Do Attitudes Towards Corruption Differ Across Cultures? Experimental Evidence from Australia, India, Indonesia and Singapore

49 Pages Posted: 23 Aug 2005

See all articles by Lisa A. Cameron

Lisa A. Cameron

University of Melbourne - Melbourne Institute of Applied Economic and Social Research; IZA Institute of Labor Economics; J-PAL

Ananish Chaudhuri

University of Auckland - Department of Economics

Nisvan Erkal

University of Melbourne - Faculty of Business and Economics

Lata Gangadharan

University of Melbourne - Department of Economics

Date Written: July 2005

Abstract

This paper examines cultural differences in attitudes towards corruption by analysing individual-decision making in a corrupt experimental environment. Attitudes towards corruption play a critical role in the persistence of corruption. Our experiments differentiate between the incentives to engage in corrupt behaviour and the incentives to punish corrupt behaviour and allow us to explore whether, in environments characterized by lower levels of corruption, there is both a lower propensity to engage in corrupt behaviour and a higher propensity to punish corrupt behaviour. Based on experiments run in Australia Melbourne), India (Delhi), Indonesia (Jakarta) and Singapore, we find that there is more variation in the propensities to punish corrupt behaviour than in the propensities to engage in corrupt behaviour across cultures. The results reveal that the subjects in India exhibit a higher tolerance towards corruption than the subjects in Australia while the subjects in Indonesia behave similarly to those in Australia. The subjects in Singapore have a higher propensity to engage in corruption than the subjects in Australia. We also vary our experimental design to examine the impact of a more effective punishment system and the effect of the perceived cost of bribery.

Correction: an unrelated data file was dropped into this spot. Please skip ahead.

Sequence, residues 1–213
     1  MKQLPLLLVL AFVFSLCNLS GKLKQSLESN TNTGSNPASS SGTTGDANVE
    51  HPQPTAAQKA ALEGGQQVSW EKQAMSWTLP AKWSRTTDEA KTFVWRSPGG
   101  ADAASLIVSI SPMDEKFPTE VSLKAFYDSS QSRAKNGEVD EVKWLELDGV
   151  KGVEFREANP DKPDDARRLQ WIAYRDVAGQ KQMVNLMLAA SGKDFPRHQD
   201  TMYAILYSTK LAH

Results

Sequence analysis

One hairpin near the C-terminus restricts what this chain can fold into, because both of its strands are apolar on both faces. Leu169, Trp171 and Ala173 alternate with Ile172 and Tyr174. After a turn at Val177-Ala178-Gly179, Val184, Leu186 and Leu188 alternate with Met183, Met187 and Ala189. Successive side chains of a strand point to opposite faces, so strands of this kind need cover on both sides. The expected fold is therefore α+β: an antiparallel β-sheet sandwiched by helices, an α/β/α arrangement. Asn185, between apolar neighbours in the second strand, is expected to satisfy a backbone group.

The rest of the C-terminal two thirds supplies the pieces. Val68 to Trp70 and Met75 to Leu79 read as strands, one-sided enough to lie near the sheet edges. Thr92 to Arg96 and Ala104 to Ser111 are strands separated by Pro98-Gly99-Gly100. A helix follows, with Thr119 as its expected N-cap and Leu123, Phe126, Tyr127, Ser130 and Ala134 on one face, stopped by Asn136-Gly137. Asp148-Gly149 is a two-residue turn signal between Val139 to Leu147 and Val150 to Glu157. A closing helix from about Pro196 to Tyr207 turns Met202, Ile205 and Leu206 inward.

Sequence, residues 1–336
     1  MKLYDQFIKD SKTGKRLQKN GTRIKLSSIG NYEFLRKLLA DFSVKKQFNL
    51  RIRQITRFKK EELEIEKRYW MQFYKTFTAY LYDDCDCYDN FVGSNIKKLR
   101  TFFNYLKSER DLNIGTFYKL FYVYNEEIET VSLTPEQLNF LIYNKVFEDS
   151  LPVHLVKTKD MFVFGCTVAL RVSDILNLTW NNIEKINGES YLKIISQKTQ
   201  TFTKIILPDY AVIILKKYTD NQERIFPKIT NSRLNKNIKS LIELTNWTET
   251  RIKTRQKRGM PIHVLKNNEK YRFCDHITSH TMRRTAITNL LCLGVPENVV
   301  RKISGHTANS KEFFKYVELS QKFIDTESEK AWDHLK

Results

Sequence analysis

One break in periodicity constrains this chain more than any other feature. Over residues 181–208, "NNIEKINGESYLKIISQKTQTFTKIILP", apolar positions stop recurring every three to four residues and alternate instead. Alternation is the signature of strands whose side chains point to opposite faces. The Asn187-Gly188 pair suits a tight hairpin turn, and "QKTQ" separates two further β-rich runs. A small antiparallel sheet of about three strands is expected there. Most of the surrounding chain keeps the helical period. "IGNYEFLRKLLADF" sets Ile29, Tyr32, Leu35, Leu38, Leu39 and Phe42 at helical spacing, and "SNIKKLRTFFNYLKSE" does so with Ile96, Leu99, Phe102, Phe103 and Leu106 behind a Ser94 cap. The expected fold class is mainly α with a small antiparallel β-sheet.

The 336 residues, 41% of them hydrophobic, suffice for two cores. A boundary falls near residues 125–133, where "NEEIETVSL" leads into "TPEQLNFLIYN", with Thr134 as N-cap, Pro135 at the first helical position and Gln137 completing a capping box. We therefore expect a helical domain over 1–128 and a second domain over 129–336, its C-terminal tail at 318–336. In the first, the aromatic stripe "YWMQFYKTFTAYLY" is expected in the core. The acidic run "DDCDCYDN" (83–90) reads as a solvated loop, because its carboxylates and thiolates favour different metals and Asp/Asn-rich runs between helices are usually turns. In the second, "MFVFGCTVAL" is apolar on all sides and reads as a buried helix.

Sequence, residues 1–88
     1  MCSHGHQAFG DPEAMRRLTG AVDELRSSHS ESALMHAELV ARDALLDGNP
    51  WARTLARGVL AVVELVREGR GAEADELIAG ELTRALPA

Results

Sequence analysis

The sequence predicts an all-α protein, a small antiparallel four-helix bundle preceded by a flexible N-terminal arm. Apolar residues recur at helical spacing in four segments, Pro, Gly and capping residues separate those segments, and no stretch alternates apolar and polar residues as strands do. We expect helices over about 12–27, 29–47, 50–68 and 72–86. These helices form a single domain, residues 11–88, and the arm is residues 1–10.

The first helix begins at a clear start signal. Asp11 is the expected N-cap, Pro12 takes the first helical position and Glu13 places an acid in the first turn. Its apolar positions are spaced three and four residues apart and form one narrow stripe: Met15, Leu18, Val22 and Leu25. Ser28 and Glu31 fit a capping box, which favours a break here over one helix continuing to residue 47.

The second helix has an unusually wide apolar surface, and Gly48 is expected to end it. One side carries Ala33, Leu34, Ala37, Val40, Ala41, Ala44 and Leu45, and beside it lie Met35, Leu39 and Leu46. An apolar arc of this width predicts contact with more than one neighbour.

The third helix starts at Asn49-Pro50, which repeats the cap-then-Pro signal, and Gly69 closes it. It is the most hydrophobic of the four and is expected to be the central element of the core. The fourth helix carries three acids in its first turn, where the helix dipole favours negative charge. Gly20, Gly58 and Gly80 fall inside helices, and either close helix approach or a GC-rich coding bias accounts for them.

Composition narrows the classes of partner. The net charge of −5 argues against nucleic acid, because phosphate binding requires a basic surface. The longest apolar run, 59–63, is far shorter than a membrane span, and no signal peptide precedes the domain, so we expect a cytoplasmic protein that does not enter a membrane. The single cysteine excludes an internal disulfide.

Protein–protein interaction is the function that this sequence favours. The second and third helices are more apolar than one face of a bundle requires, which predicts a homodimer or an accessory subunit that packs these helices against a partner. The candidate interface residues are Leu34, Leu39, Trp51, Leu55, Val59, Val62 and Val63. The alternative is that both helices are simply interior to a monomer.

Keywords: Corruption, experiments, punishment, cultural analysis

JEL Classification: C91, D73, O17, K42

Suggested Citation

Cameron, Lisa A. and Chaudhuri, Ananish and Erkal, Nisvan and Gangadharan, Lata, Do Attitudes Towards Corruption Differ Across Cultures? Experimental Evidence from Australia, India, Indonesia and Singapore (July 2005). Available at SSRN: https://ssrn.com/abstract=778464 or http://dx.doi.org/10.2139/ssrn.778464

Lisa A. Cameron

University of Melbourne - Melbourne Institute of Applied Economic and Social Research ( email )

Level 5, FBE Building, 111 Barry Street
Parkville, Victoria 3010
Australia

IZA Institute of Labor Economics ( email )

P.O. Box 7240
Bonn, D-53072
Germany

HOME PAGE: http://www.iza.org/en/webcontent/personnel/photos/index_html?key=744

J-PAL ( email )

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Paris, 75014
France

HOME PAGE: http://www.povertyactionlab.org/cameron

Ananish Chaudhuri

University of Auckland - Department of Economics ( email )

Private Bag 92019
Auckland
New Zealand

Nisvan Erkal (Contact Author)

University of Melbourne - Faculty of Business and Economics ( email )

Victoria, 3010
Australia
+61 3 8344 3307 (Phone)
+61 3 8344 6899 (Fax)

HOME PAGE: http://www.nisvanerkal.net

Lata Gangadharan

University of Melbourne - Department of Economics ( email )

Victoria, 3010
Australia
+61 3 9344 5408 (Phone)
61 3 8344 6899 (Fax)

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